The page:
Applying the AFC Test: When to Apply the AFC test

October 16, 2017 - from DisputeSoft's Josh Siegel and T.J. Wolf

We noted in our first blog in this series that when evidence of literal copying is non-existent, inconclusive, or particularly weak, and defendants had access to a protected work, experts can search for evidence of non-literal copying. But in what kinds of matters is it appropriate for an expert to employ the AFC test? The AFC test applies to intellectual property suits as follows:

-Copyright (YES): The AFC test was expressly adopted for copyright matters in which one party contends that non-literal copying of computer software has occurred. An expert abstracts source code to the appropriate level, filters out non-protectable expression, and compares the remaining expressive elements of the filtered programs for substantial similarity.

-Trade Secret (MAYBE): When an allegedly misappropriated trade secret involves computer software, an expert can follow abstraction-filtration-comparison methodology similarly to the way he/she would in a copyright matter. The abstraction step remains the same, but filtration removes elements not protectable as trade secrets, such as open source code. After filtration, an expert can then compare the parts of the program remaining against the allegedly misappropriated trade secrets/

-Patent (NO): The AFC test is not applicable to patent litigation. Patent protections deal closely with explicit functionality, not with expression. The process of abstraction is not appropriate when reviewing patents, as any level of abstraction removes the specificity required for patent claim and/or specification comparison and analysis.

The AFC test, as variously promulgated by several District Courts, is an accepted method for determining whether indirect or non-literal copying has occurred in intellectual property matters involving copyrights and trade secrets, but it is not used for matters concerned with patents. Check back next month for the next installment in our “Applying the AFC Test” series: “Why use the AFC test?” To learn more about the services we provide as Copyright Infringement Experts, please don’t hesitate to contact us at inquiries@disputesoft.com.

Applying the AFC Test: What is the AFC Test?

September 18, 2017 - from DisputeSoft's Josh Siegel & T.J. Wolf

Software development is a competitive business, and disputes over intellectual property can arise when software engineers move to new companies that compete with their former employers. Should a dispute result in litigation, expert witnesses may be employed to determine whether and to what extent a party copied proprietary source code.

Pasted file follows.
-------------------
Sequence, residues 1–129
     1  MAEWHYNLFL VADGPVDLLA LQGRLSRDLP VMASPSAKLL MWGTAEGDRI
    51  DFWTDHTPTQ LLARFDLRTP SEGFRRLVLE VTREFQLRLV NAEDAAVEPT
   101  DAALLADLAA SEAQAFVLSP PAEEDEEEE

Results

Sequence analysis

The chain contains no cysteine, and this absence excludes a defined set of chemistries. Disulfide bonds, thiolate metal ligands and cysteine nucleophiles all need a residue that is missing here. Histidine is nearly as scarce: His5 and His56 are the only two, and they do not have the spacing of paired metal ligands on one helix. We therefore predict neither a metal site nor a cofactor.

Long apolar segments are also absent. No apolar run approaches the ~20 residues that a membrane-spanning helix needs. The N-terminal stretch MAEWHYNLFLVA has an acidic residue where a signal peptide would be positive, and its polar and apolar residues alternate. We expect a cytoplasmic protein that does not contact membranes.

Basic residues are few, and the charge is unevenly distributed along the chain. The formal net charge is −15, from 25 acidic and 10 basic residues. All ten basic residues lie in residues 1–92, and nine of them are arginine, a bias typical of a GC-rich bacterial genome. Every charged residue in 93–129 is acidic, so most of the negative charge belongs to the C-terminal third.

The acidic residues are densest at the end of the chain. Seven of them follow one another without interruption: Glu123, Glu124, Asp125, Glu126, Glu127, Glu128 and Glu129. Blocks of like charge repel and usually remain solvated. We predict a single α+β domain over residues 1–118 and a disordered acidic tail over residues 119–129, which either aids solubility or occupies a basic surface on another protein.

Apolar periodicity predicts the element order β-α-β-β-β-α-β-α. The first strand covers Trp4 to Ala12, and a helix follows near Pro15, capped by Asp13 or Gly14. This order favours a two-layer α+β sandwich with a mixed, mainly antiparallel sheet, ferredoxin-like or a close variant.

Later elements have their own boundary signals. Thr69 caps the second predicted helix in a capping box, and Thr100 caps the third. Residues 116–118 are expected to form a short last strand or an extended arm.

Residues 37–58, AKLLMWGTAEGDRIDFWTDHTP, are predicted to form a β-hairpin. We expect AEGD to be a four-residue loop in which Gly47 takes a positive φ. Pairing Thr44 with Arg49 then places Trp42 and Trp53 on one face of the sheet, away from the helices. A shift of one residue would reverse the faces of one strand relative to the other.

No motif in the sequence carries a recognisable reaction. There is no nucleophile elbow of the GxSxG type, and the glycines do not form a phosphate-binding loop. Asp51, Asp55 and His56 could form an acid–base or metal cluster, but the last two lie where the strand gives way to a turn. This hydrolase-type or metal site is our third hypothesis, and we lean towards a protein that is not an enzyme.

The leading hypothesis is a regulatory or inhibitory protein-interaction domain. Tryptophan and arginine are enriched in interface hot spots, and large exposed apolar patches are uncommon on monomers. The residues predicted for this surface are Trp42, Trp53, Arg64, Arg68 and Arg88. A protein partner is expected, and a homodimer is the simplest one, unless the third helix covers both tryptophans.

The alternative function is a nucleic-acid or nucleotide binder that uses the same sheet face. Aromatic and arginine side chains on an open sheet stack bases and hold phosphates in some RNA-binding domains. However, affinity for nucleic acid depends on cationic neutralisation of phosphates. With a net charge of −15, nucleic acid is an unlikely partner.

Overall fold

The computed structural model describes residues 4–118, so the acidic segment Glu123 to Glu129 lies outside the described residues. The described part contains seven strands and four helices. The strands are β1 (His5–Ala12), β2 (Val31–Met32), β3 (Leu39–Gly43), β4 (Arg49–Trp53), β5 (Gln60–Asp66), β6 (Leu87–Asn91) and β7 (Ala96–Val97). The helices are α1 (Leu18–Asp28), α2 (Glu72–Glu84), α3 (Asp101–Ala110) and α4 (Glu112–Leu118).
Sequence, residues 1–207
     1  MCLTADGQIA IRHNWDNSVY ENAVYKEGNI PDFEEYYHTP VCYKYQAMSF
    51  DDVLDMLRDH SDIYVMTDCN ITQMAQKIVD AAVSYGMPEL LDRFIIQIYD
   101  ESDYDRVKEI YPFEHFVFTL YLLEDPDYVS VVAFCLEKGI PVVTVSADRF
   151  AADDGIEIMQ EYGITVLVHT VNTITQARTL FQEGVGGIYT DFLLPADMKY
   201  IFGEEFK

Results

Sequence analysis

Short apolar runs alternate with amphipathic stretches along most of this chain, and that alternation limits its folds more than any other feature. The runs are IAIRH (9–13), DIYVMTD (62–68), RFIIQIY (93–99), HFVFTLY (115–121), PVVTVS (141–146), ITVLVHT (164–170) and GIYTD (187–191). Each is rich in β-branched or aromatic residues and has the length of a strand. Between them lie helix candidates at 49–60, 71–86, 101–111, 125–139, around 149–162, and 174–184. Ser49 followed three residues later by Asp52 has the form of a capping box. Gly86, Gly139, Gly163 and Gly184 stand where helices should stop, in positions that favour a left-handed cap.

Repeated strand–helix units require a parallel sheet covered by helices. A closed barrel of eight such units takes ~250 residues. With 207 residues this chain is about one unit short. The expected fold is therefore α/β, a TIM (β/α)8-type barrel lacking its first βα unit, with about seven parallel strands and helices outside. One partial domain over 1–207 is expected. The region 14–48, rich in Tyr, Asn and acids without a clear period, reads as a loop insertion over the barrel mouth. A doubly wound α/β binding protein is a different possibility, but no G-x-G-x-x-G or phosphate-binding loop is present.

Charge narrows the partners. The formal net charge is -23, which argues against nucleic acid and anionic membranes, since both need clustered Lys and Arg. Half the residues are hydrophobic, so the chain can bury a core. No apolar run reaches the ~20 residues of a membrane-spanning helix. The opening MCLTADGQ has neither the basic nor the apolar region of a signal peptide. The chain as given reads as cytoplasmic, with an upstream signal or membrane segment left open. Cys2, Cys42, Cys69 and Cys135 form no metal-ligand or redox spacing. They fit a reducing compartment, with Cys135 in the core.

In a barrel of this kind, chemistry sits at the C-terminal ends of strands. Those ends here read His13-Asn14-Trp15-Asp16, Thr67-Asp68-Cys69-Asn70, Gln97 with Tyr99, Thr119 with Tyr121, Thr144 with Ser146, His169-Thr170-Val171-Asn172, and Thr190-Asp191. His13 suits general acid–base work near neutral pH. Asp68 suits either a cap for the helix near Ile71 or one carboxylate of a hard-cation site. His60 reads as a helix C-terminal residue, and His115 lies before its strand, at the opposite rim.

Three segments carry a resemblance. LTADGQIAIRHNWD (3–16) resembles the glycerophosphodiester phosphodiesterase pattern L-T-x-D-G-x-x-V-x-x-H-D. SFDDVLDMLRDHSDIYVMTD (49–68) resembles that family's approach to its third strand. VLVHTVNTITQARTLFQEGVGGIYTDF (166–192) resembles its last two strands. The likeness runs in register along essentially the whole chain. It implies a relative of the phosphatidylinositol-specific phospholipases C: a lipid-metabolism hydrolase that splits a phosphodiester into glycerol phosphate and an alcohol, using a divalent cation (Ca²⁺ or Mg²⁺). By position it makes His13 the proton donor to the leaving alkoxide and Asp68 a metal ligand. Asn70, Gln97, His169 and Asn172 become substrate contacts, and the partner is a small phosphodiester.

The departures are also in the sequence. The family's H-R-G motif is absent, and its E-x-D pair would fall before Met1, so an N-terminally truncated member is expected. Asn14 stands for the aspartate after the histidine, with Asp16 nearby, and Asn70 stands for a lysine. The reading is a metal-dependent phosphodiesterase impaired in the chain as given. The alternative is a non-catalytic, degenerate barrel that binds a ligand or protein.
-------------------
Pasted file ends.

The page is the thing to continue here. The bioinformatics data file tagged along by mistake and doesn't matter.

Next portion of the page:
Experts encounter two kinds of copying: literal copying and non-literal copying. To prove copying occurred, a plaintiff must demonstrate that an alleged infringer had access to the copyrighted material and that the allegedly infringing work is substantially similar to the protected work. Experts are primarily employed to find evidence that supports or refutes allegations of substantial similarity.

In most cases of this sort, an expert first examines code for evidence of literal copying. Experts use a variety of software analysis tools to determine whether portions of code from program A were copied directly into program B. Such tools allow experts to review and compare source code files to determine whether the same text appears in both programs and the extent to which the programs overlap.

When evidence of literal copying is non-existent, inconclusive, or particularly weak, experts can search for evidence of non-literal copying. To find evidence of non-literal copying, an expert must determine whether protectable non-literal elements of a computer program, such as its “look-and-feel” or “structure, sequence, and organization” have been copied from one program into another. The Abstraction-Filtration-Comparison (“AFC”) test is a methodology promulgated by several U.S. district courts that allows an expert to analyze and compare the protectable elements of code of two programs.

The U.S. Circuits conceptualize and prescribe slightly different approaches for conducting an AFC test by placing emphasis on different “levels of abstraction.” For example, the Ninth Circuit focuses on the software’s structure, sequence, and organization, as well as user interfaces as the appropriate levels at which the abstraction analysis takes place, whereas the Second Circuit emphasizes parameter lists and services required. However, the test always has three steps.

– Abstraction incrementally pulls back from source code to compare the “structure, sequence, and organization” or the “look-and-feel” of two programs at different levels of generality/specificity. By analogy, this is similar to zooming out from a detailed map. If we think of source code as specific houses on a street, Abstraction involves zooming out to view the street’s location in a neighborhood, the neighborhood’s location within a city, the city’s location within a state, and so on. The appropriate level of “zoom” varies from case to case, and there is no one-size-fits-all. Two programs may appear completely different from each other when viewed at street level or city level, and an expert may need to examine the programs at the state level to view them in the way that they are most appropriately comparable to each other.